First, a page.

I had a logger come in and selectively harvest, in exchange for building a road into the heart of the property and clearing about 3 acres out of the 20. (In case anyone wants to guilt trip me, my neighbor and I also bought up 35 acres of abutting property that was slated for development, and sold it to the state at a substantial loss for incorporation into the state forest.) I now have a barn and couple of acres of arable land behind the pine plantation, and further back, a house and another acre of land, separated by a wetland. Behind the house is a steep hillside and an upland forest, deep and dark, teeming with wildlife.
My mission, I have discovered, is to defend this little clearing from the voracious forest, equipped with a 15 horsepower diesel tractor and a three-gang mower deck. Any place I don't mow for a few weeks turns into an impenetrable mass of wild raspberries and seedling trees. The rough ground has already cost me four sheared mower blades. I'm steadily digging out rocks and stumps and spreading topsoil to fill in the ditches and hollows, to make the land cultivatable but also just to make it defensibly mowable. The rocks already make three huge piles, enough, I think, to build a stone barn. Unlike the settlers who first farmed here, I don't have the assistance of three sons, two brothers, and a team of horses, so I depend on the tractor for these tasks as well, assisted by a chain saw and a pickup truck. I'm also slowly pushing back the perimeter in places because I need to open up more sunlight and take advantage of the best, flat land. I turn the harvest into firewood with the help of a gasoline powered log splitter, and I turn the waste into mulch with a gasoline powered chipper.
If I were to keep at this for a while, then start to truck in manure and till and plant, I could have a farm like Festus's, and sell my produce at the local farmer's markets and the Willimantic Food Coop. I could heat my house with renewable biomass energy, and probably have a surplus to sell to the neighbors. I could spend the winter eating canned vegetables, cold frame greens, and tubers from the root cellar. Maybe I will do all that some day. I'll use less fossil fuel than trucking and flying in the goods from Mexico and Chile, and I'll do it all organically and sustainably, building up the topsoil instead of depleting it, eschewing pesticides, growing real tomatoes designed to be eaten instead of packed into box cars.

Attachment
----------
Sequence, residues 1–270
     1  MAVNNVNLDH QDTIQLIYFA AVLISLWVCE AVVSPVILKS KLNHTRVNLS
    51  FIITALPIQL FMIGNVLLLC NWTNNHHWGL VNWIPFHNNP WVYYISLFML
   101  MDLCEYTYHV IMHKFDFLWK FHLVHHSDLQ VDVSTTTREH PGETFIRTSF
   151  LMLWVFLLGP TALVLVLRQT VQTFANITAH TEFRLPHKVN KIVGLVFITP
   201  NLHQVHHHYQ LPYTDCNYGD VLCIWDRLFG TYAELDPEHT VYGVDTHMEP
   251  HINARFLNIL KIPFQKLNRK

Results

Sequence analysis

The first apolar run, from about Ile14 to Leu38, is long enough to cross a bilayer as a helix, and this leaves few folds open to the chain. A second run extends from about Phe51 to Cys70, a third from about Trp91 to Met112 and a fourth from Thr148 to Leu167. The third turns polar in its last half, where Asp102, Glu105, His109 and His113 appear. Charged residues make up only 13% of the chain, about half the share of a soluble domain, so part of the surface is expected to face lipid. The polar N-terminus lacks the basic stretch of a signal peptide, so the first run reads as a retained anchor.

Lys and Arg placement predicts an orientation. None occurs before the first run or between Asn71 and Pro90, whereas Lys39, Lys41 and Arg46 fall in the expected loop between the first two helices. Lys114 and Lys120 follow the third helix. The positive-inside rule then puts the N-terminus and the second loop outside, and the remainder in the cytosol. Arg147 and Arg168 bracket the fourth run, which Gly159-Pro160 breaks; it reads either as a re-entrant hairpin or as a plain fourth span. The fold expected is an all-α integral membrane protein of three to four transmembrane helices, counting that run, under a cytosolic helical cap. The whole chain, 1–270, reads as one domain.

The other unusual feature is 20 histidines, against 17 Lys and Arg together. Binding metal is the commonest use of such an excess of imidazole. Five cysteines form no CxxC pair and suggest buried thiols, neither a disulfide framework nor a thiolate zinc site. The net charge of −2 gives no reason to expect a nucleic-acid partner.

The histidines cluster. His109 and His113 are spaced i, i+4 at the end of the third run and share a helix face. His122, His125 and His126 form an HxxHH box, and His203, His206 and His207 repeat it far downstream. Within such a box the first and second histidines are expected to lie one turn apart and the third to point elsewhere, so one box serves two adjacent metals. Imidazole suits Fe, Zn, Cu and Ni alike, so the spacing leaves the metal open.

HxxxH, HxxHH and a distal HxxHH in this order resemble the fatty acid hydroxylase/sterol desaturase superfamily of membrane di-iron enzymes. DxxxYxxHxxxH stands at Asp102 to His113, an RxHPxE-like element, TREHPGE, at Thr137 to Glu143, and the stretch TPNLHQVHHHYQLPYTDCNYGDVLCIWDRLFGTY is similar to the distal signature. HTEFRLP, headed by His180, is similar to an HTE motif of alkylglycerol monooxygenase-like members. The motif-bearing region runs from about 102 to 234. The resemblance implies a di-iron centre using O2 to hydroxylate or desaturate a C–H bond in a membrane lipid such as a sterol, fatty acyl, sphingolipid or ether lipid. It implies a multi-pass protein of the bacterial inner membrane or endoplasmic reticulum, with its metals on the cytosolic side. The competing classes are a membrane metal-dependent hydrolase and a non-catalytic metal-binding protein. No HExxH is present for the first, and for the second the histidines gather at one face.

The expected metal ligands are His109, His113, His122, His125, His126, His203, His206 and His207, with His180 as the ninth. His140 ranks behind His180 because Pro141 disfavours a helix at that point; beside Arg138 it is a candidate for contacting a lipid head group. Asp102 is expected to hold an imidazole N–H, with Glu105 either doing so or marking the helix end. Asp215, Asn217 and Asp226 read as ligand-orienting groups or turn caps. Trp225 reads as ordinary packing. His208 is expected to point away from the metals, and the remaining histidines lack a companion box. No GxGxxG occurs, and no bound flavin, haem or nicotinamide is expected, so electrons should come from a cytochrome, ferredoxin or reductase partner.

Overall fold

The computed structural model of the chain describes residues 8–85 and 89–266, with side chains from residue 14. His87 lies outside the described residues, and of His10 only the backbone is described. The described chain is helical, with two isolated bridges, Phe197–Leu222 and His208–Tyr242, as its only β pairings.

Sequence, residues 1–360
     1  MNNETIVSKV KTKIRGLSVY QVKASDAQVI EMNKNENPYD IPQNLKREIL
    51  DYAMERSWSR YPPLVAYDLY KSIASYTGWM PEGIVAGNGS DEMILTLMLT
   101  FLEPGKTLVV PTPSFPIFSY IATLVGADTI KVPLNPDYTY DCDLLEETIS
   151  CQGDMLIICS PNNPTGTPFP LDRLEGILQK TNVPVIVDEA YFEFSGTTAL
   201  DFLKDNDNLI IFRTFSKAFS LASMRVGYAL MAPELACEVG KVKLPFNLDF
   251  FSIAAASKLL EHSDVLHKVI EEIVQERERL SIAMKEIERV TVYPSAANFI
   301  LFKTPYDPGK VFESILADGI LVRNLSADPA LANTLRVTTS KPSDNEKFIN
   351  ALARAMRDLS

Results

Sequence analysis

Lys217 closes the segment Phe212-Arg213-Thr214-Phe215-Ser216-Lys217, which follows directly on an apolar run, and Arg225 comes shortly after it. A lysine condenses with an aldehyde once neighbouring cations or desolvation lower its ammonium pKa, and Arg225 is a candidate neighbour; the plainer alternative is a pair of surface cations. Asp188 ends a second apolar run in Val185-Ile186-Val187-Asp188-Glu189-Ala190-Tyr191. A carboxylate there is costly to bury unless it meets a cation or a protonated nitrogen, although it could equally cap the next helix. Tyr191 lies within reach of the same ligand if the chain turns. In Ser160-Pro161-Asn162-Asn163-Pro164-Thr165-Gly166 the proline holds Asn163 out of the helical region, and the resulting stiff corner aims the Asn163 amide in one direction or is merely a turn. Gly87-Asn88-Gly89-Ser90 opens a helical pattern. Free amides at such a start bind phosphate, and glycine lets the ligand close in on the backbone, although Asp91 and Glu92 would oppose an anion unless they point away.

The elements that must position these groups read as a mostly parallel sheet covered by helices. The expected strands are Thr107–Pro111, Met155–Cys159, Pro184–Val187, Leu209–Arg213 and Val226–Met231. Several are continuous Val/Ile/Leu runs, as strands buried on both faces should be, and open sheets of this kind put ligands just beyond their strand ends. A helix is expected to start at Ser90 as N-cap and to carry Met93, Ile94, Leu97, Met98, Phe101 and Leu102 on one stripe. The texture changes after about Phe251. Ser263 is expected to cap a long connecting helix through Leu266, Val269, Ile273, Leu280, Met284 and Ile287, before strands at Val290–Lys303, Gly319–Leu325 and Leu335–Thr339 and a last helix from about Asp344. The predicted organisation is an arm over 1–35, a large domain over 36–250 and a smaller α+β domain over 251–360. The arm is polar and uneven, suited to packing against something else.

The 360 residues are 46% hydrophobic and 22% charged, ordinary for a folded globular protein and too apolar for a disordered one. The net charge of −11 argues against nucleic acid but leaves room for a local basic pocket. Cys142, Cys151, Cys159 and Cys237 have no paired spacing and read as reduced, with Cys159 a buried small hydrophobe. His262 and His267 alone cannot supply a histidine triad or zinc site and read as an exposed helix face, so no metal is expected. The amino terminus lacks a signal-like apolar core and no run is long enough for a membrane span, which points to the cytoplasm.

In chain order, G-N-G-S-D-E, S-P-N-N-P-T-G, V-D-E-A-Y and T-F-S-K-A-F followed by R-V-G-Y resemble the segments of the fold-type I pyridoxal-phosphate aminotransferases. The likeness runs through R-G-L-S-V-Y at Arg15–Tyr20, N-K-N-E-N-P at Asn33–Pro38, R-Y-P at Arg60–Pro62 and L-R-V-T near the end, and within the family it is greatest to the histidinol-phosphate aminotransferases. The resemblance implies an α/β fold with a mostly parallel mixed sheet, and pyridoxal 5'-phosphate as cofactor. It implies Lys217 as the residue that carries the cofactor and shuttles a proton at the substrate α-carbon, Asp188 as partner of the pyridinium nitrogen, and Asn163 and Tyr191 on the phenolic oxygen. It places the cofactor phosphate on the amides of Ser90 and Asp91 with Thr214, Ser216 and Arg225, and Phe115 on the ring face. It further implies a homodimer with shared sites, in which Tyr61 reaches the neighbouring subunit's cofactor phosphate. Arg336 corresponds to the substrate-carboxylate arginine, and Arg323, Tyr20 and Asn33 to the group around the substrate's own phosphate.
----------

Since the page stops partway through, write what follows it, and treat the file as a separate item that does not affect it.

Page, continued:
That's all good and fine and sweet, but there's nothing natural about it. Nature is my enemy - the encroaching forest, the marauding deer and woodchucks, the insatiable insects. I have to slash them down, fence them out, burn them and drown them. (Just last week I burned out four trees full of tent caterpillars with a propane torch.) Festus has a 22 to deal with his woodchuck problems, and he's surrounded his entire property with a 12 foot fence to keep the deer out. Most of the local farmers use electric fencing, powered, ultimately, by burning coal and fissioning uranium. There is absolutely no way that I will be able to cultivate the land without the tractor -- probably a bigger and better one than I have now, in fact -- and the chainsaw. Stihl has named my chainsaw the Farm Boss, because it's marketed to farmers. The land I cultivate will be nothing like the primeval land -- rock free, treeless, all the roots pulled out and cow manure tilled in, the deep forest loam stripped off to leave bare soil between the cultivated stalks in summer and a lawn of winter rye in the off season.
Ted Kaczynski, the anti-industrialist radical terrorist, hunted rabbits with a rifle and lived in a house made of plywood. This is how we live now, in a world we have remade. We just can't go back. We can try to live in this world a little better, a little more heedfully, more carefully. But it's still the human made world.
By the way -- anybody need some rocks? I have some . . .
Friday, July 06, 2007
It's been fascinating hearing the chatter about the "Doctors' plot" terrorism case in the UK. Much punditry has focused on the cruel irony that people who have taken an oath to do no harm would be involved in such heinous acts.
Actually "do no harm" is not in the Hippocratic oath (and Cervantes busts another myth), but it would seem to be the case that attempting mass murder is inconsistent with our expectations of physicians. Alas, although I cannot say whether physicians are more likely to become mass murderers than, say, welders or medical sociologists, they are definitely likely to get away with it, and what is most notable about some of those who have been caught is the impressive totals they managed to run up before the murder did out. The Jihadi sawbones are probably most noteworthy for their incompetence, not their intentions.
The weirdest of my punditry experiences was listening to a discussion on the BBC about how appalling this all was and couldn't the National Health Service do something to screen out doctors who might be evil and so forth? This lengthy conversation managed to assiduously avoid the very recent, very notorious, and presumably highly relevant case of Harold Shipman, M.D., a veddy veddy British gentleman who murdered at least 150 of his patients and probably closer to 300. He never confessed and we don't know his motives but evidently he just enjoyed it for some reason.
Then there was Michael Swango, an American physician addicted to poisoning his patients. He also tried to poison some of his coworkers, and was caught at it -- yet he was permitted to continue practicing medicine.
Kenneth Iserson, M.D., has compiled stories of several physician mass murderers. Again, what they tend to have in common is an extraordinary ability to get away with it, because of relevant skill and guile, assisted by physicians' high social status and cultural reluctance to question their judgment and actions. A couple of these cases are of doctors who were carrying out the policies of depraved political leadership, in Iserson's book the grotesque human experiments conducted in imperial Japan, and of course the comparable Nazi experiments are somewhat better known in the U.S. (I'm not sure why.) But that's a somewhat different case.